What is the best way to liquefy honey?

Published on 05/17/2016

Crystallisation is a natural process which over time affects honey when it is preserved, but it can be reversed by liquefying the honey with various methods involving the use of heat.

 

Honey crystallisation

 

Considered to be a perfect natural food, honey in its raw state contains numerous enzymes beneficial to the human body. Furthermore, it soft texture and delicious sweetness make it an ideal substitute for refined industrial sugars.

 

In the course of its preservation, honey often hardens and loses its silky and sticky texture, although its taste and benefits will remain unchanged. Crystallisation is a natural process which often occurs faster in honeys containing high levels of glucose, such as alfalfa, cotton, canola or dandelion honey. Certain factors such as temperature and water content also play an important role in honey solidification.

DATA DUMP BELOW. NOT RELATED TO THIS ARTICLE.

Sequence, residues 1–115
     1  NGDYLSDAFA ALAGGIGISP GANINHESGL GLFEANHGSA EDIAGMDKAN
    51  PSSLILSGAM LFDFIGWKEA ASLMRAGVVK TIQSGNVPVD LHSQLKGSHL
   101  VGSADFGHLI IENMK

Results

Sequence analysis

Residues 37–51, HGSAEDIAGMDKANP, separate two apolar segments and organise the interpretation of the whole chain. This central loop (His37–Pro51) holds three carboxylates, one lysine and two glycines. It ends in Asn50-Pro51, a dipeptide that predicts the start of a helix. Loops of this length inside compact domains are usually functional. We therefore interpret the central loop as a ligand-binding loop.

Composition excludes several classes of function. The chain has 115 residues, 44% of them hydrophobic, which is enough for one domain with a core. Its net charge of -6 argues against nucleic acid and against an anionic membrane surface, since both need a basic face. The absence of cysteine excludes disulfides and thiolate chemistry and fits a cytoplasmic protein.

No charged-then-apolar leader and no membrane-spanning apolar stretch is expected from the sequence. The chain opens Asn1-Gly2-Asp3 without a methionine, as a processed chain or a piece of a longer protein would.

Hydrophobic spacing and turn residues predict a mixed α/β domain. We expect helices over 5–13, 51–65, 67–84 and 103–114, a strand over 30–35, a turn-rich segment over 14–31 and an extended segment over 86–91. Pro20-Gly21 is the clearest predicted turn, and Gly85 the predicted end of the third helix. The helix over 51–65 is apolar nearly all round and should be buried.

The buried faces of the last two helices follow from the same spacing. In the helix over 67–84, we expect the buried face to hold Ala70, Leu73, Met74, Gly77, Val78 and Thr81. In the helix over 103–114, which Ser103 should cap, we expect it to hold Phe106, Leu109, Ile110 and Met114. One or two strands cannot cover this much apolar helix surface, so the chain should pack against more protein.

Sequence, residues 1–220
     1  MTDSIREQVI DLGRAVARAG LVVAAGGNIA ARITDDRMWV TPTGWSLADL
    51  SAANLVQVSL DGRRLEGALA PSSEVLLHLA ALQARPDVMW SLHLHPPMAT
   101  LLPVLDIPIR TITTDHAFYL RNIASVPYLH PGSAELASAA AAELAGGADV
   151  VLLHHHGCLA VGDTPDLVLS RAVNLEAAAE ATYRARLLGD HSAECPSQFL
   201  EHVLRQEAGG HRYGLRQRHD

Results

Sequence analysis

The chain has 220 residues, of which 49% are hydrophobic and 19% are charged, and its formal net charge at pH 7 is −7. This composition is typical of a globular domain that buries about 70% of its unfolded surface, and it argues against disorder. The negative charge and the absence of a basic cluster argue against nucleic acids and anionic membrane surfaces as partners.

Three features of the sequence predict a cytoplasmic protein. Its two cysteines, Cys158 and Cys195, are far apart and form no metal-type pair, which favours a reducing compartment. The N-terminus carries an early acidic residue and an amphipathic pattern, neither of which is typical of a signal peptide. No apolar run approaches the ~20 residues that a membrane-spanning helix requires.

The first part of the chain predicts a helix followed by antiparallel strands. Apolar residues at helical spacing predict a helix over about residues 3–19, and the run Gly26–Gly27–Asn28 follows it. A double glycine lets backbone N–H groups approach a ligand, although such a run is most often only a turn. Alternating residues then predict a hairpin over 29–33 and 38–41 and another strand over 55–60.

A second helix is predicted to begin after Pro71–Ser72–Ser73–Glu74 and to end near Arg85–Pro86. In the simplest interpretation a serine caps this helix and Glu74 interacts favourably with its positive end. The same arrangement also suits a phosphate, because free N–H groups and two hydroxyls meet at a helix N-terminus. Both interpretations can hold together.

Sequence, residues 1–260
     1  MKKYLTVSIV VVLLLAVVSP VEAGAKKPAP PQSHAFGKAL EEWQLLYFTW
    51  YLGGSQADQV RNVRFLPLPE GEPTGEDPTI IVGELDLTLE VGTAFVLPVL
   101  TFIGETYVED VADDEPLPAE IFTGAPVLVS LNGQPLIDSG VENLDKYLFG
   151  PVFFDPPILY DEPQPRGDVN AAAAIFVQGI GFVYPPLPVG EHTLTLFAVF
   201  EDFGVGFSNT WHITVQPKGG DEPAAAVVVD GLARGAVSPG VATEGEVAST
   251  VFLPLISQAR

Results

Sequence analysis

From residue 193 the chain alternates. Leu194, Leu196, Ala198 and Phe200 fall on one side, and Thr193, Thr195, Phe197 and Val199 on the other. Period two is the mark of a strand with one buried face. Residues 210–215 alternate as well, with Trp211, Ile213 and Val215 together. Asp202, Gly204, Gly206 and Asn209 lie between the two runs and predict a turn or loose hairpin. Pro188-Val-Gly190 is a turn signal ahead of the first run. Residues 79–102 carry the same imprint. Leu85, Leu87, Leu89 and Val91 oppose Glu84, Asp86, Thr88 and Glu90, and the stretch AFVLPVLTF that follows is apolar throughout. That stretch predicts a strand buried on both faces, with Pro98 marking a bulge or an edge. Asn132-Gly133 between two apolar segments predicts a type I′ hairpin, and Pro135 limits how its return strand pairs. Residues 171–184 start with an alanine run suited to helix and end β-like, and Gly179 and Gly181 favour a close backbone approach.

However, it is possible to reverse the process and return the honey to its liquid state.

 

Methods of liquefying honey

 

There are several methods of liquefying honey, most of them based on the use of heat. If proceeding in this way, it is recommended never to exceed 40°C, since beyond this temperature there is a risk of damaging the honey, which may lose its flavour and beneficial enzymes. For this reason, the technique of liquefying in the bain-marie is the simplest and most suitable approach. Simply heat some water in a large saucepan and remove it from the heat as soon as the very first small bubbles appear. Then place the crystallised honey in a waterproof container, preferably not made from plastic, and stir until it is entirely liquid. It is also possible to liquefy honey in a microwave. To do so, use your microwave’s defrost setting and check the honey every 30 seconds.

 

To prevent honey crystallising too quickly, it is recommended to store it in places with a temperature of between 21 and 27°C. Filtering honey to remove the particles which encourage crystallisation can also help to extend the length of time your honey remains in a liquid state.

 

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